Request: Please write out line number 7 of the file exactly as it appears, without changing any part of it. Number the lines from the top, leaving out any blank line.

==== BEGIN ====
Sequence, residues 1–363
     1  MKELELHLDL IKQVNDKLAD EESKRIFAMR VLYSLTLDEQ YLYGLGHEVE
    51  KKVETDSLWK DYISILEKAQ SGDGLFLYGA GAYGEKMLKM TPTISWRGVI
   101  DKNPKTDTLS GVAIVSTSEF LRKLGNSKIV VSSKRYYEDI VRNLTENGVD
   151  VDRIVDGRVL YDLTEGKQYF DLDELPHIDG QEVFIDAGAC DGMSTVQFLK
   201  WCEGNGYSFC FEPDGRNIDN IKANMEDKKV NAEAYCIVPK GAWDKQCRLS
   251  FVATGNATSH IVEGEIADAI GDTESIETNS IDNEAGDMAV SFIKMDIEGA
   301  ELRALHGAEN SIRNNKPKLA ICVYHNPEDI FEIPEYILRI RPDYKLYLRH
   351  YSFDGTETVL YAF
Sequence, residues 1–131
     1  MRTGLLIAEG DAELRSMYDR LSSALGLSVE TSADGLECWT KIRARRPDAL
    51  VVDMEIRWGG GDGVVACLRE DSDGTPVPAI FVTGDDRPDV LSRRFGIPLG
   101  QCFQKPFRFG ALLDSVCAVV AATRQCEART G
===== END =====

   251  FVATGNATSH IVEGEIADAI GDTESIETNS IDNEAGDMAV SFIKMDIEGA